Funder and lawyers ordered to pay over $11 million for “egregious conduct”
The Honourable Justice John Dixon of the Supreme Court of Victoria has found that an Australian litigation funder and five lawyers engaged in egregious conduct in connection with a fraudulent scheme, intending to claim more than $19 million in purported legal costs and funding commissions from the settlement sum in a group proceeding.
In November 2018, the Court of Appeal remitted the Banksia Securities Limited group proceeding to the Trial Division to consider an application by Australian Funding Partners Limited (‘AFP’) to be reimbursed $5.2 million in legal costs and to be paid $14.1 million in litigation funding commission, following a $64 million settlement reached in December 2017.
In March 2019, the court-appointed Contradictor alleged breaches of the overarching obligations, fiduciary duty, professional conduct rules and the funding agreement, such that AFP ought not be entitled to recover any or all of those amounts. Those allegations were rejected and fiercely defended by AFP and barristers Mr O’Bryan and Mr Symons until the trial of the remitter commenced, where they each withdrew their respective defences.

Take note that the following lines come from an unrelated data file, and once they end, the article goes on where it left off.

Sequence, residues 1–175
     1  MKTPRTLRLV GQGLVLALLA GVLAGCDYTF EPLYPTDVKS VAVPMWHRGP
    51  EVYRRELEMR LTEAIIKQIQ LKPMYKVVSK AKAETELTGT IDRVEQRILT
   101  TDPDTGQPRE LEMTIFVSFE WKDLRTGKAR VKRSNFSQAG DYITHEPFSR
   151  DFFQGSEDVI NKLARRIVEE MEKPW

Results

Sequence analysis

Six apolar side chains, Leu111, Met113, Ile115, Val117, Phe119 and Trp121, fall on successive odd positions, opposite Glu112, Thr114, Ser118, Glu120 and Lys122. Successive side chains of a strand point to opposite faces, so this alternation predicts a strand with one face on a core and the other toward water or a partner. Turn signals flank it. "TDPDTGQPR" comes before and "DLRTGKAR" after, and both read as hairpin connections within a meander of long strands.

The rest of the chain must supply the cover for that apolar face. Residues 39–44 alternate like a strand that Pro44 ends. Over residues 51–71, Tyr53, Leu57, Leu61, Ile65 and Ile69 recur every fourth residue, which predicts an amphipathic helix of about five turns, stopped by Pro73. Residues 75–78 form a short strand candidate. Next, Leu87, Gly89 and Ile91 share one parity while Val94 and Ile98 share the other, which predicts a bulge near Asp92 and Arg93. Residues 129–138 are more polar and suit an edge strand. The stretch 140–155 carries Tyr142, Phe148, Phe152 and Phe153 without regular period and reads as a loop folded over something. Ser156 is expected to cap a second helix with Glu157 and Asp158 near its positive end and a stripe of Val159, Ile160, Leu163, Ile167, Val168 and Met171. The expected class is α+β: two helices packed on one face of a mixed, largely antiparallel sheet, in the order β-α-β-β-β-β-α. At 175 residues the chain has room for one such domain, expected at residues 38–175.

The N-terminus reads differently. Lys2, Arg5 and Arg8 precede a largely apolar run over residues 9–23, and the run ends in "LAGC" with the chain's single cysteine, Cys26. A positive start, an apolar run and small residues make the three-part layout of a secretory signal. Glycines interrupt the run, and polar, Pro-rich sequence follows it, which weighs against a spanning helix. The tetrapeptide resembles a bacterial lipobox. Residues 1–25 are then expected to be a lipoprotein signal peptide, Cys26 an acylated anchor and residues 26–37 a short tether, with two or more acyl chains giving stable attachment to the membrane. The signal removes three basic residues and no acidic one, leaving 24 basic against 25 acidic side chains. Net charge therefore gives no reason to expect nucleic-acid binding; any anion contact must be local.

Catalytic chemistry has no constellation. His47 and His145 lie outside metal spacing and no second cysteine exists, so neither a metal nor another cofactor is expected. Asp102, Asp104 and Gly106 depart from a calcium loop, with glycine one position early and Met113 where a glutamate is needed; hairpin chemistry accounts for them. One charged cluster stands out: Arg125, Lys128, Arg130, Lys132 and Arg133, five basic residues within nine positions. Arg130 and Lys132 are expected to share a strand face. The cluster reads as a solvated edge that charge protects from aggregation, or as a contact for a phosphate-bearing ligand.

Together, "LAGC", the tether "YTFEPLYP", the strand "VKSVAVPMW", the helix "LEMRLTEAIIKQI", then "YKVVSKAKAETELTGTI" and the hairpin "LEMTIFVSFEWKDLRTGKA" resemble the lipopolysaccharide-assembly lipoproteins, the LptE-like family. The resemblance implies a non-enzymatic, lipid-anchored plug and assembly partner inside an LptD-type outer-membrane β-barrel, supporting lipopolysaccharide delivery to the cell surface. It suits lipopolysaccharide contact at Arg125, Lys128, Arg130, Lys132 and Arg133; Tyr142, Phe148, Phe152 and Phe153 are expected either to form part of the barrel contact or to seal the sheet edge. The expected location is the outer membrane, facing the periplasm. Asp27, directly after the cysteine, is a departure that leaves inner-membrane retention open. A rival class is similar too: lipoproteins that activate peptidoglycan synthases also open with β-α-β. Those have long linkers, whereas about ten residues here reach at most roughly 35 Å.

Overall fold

Among other things, the Court has now found that:
Following the in-principle settlement, Mr Mark Elliott (managing director of AFP), Mr O’Bryan and Mr Symons demanded that the other parties agree to settlement terms that were adverse to the interests of group members, including requiring the other parties to support court approval of AFP’s $19.3 million claim, while broad confidentiality requirements prevented the court and other parties from careful assessment of that claim.
Mr Mark Elliott reverse engineered the $5.2 million costs claim into ‘fee targets’ that each of Mr O’Bryan, Mr Symons and solicitor Mr Zita then met; none of whom having issued invoices for their fees prior to the settlement.
Mr O’Bryan and Mr Symons each contrived backdated costs agreements and invoices, to appear as if their fees were legitimately incurred. Each of them included hundreds of hours of time for work that had never been performed.
Mr Mark Elliott, Mr O’Bryan and Mr Symons deceived the court as to the legitimacy of AFP’s claim, including authoring a misleading opinion of counsel, and procuring a report from an expert costs lawyer, Mr Peter Trimbos, by misleading him into concluding the legal fees were legitimate, resulting in court approval of the $19.3 million claim.
Justice John Dixon has ordered that the funders and lawyers pay damages of $11,700,128 to approximately 16,000 group members, plus the costs of the remitter on an indemnity basis. The above noted barristers have also been banned from practising law, and the case has been referred to the public prosecutor for further investigation and action.